One final consideration for now: If the gambit of the hawks is to succeed — that is, getting new sanctions legislation or some other deal-killing measure out of the Senate this year — they will have only two weeks to do it. Nelson Mandela’s memorial service, however, will take place Dec 10, and an invitation to attend — especially as part of a presidential delegation — will be irresistible, even to a Republican leadership which finds it convenient now to forget Ronald Reagan’s de facto support for apartheid. But the hours it will take to travel there and back will compress the time Congress has to conclude its business, thus reducing the likelihood that controversial legislation will be taken up.

Moreover, the experience of recalling Mandela’s life and example — notably his rejection of tribalism, revenge, the oppression of any group by another, and zero-sum gamesmanship — can have only a salutory effect on those who are invited and attend. Imagine the possibilities — not only for the U.S. politicos who go, but also for the heads of state, of which I imagine there will be plenty. Will Obama meet Rouhani? Will Peres, or even Netanyahu himself? It could be an interesting moment.

Jim Lobe is best known for his coverage of U.S. foreign policy, particularly the neoconservative influence in the Bush administration. The Washington Bureau Chief of the international news agency Inter Press Service (IPS), Lobe has written for various outlets and was featured in BBC and ABC television documentaries about motivations for the US invasion of Iraq. 

Share RightWeb

Featured Profiles

Jon Lerner is a conservative political strategist and top adviser to US Ambassador to the UN Nikki Haley. He was a key figure in the “Never Trump” Campaign, which appears to have led to his being ousted as Vice President Mike Pence’s national security adviser.


Pamela Geller is a controversial anti-Islam activist who has founded several “hate groups” and likes to repeat debunked myths, including about the alleged existence of “no-go” Muslim zones in Europe.


Max Boot, neoconservative military historian at the Council on Foreign Relations, on Trump and Russia: “At every turn Trump is undercutting the ‘get tough on Russia’ message because he just can’t help himself, he just loves Putin too much.”


Although overlooked by President Trump for cabinet post, Gingrich has tried to shape affairs in the administration, including by conspiring with government officials to “purge the State Department of staffers they viewed as insufficiently loyal” to the president.


Former Sen Mark Kirk (R-IL) is an advisor for United Against Nuclear Iran. He is an outspoken advocate for aggressive action against Iran and a fierce defender of right-wing Israeli policies.


A military historian, Kimberly Kagan heads the Institute for the Study of War, where she has promoted the continuation of U.S. war in Afghanistan.


A “non-partisan” policy institute that purports to defend democracies from “militant Islamism,” the neoconservative Foundation for Defense of Democracies (FDD) is an influential base of hawkish advocacy on Middle East policy.


For media inquiries,
email rightwebproject@gmail.com

From the Wires

Print Friendly, PDF & Email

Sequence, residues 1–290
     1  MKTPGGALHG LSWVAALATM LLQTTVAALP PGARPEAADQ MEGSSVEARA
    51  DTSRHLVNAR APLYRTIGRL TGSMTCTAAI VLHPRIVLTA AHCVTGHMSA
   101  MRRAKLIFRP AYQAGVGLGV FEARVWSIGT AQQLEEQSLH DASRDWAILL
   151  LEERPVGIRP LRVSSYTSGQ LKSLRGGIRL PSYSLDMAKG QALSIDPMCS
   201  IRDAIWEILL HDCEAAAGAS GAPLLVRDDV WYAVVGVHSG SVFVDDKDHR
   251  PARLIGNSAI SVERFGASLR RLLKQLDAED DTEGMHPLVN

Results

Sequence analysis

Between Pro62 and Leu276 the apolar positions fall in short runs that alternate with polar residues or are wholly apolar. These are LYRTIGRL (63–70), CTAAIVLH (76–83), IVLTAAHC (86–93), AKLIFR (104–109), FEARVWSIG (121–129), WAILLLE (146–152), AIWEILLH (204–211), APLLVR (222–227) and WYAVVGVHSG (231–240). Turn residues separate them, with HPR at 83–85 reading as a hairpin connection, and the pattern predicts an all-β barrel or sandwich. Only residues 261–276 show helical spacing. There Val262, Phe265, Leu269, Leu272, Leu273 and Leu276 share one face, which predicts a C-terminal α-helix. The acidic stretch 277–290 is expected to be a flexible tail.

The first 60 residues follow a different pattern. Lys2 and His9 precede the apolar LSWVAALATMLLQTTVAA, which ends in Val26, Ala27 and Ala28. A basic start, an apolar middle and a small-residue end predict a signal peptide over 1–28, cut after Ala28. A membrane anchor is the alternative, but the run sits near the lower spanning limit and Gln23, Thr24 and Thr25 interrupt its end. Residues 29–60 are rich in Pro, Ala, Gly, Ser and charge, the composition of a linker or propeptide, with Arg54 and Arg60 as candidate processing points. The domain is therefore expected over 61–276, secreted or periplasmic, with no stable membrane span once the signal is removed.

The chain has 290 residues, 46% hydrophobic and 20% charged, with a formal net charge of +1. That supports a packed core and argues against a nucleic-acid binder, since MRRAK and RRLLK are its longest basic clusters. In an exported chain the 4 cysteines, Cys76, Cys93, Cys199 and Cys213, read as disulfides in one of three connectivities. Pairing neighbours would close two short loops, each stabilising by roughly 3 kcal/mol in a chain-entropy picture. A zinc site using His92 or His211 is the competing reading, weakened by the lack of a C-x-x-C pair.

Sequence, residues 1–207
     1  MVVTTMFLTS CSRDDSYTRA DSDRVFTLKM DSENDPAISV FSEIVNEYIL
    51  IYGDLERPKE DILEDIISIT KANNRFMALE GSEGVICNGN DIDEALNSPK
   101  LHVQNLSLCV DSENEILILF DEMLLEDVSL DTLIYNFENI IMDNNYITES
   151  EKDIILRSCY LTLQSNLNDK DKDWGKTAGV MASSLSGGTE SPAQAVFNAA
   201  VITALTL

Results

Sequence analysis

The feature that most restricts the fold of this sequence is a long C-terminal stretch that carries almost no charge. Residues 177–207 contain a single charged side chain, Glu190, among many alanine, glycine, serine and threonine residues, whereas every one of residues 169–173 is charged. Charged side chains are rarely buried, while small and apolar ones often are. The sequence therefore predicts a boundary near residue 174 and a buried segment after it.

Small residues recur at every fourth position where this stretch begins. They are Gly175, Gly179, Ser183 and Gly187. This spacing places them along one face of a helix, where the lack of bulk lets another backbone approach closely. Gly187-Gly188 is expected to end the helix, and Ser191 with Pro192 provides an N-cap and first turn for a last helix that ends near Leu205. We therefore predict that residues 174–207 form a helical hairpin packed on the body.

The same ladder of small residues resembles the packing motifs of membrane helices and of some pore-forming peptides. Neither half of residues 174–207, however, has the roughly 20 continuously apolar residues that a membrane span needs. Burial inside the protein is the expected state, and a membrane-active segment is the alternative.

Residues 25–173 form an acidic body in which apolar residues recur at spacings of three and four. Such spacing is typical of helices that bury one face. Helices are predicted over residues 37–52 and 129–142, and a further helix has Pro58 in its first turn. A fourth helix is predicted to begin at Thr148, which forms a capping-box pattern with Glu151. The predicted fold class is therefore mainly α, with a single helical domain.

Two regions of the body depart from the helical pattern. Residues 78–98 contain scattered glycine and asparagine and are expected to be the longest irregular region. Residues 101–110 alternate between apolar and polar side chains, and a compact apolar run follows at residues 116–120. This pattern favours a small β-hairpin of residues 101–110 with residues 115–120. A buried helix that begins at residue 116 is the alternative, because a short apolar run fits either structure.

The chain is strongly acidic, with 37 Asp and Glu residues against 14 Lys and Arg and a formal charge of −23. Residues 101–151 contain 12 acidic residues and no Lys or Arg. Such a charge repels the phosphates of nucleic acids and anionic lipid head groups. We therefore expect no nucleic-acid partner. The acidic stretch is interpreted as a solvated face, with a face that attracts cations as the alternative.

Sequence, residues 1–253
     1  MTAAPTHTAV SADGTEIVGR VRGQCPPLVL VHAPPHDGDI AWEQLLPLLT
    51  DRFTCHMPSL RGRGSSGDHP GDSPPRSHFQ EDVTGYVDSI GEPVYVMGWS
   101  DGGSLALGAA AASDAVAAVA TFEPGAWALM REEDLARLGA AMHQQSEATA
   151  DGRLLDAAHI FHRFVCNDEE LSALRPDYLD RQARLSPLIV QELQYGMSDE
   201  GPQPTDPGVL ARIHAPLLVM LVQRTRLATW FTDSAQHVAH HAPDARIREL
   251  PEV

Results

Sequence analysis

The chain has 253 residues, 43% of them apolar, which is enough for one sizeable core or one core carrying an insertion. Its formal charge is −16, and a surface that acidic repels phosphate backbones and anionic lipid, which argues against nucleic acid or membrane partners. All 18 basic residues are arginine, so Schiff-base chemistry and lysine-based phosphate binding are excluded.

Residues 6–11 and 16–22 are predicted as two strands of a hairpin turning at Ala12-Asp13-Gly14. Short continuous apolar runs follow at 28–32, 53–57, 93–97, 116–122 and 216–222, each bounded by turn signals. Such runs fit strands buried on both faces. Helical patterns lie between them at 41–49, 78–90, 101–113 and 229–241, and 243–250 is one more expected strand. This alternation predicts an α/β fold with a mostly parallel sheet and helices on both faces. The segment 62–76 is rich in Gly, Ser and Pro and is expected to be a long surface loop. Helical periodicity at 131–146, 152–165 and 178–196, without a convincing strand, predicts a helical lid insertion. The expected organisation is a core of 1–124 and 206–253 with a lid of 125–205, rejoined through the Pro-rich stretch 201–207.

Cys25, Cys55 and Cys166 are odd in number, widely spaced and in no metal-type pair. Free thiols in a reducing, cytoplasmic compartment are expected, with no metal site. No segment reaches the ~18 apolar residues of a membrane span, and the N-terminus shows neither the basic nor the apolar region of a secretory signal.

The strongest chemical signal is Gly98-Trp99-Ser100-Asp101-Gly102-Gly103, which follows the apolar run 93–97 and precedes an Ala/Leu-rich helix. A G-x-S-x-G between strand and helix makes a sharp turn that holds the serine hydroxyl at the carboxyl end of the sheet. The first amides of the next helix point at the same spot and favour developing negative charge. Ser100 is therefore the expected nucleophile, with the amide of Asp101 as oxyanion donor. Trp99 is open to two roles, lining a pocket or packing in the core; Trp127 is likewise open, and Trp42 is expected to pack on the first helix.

Other than the cynical political interests in Moscow and Tehran, there is no conceivable rationale for wanting Bashar al-Assad to stay in power. But the simple fact is, he has won the war. And while Donald Trump has reveled in positive press coverage of the recent attacks on the country, it is clear that they were little more than a symbolic act.


Print Friendly, PDF & Email

The reality is that the Assad regime is winning the Syrian civil war, and this matters far less to U.S. interests than it does to that regime or its allies in Russia and Iran, who see Syria as their strongest and most consistent entrée into the Arab world. Those incontrovertible facts undermine any notion of using U.S. military force as leverage to gain a better deal for the Syrian people.


Print Friendly, PDF & Email

An effective rhetorical tool to normalize military build-ups is to characterize spending increases “modernization.”


Print Friendly, PDF & Email

The Pentagon has officially announced that that “long war” against terrorism is drawing to a close — even as many counterinsurgency conflicts  rage across the Greater Middle East — and a new long war has begun, a permanent campaign to contain China and Russia in Eurasia.


Print Friendly, PDF & Email

Revelations that data-consulting firm Cambridge Analytica used ill-gotten personal information from Facebook for the Trump campaign masks the more scandalous reality that the company is firmly ensconced in the U.S. military-industrial complex. It should come as no surprise then that the scandal has been linked to Erik Prince, co-founder of Blackwater.


Print Friendly, PDF & Email

As the United States enters the second spring of the Trump era, it’s creeping ever closer to more war. McMaster and Mattis may have written the National Defense Strategy that over-hyped the threats on this planet, but Bolton and Pompeo will have the opportunity to address these inflated threats in the worst way possible: by force of arms.


Print Friendly, PDF & Email

We meet Donald Trump in the media every hour of every day, which blots out much of the rest of the world and much of what’s meaningful in it.  Such largely unexamined, never-ending coverage of his doings represents a triumph of the first order both for him and for an American cult of personality.


RightWeb
share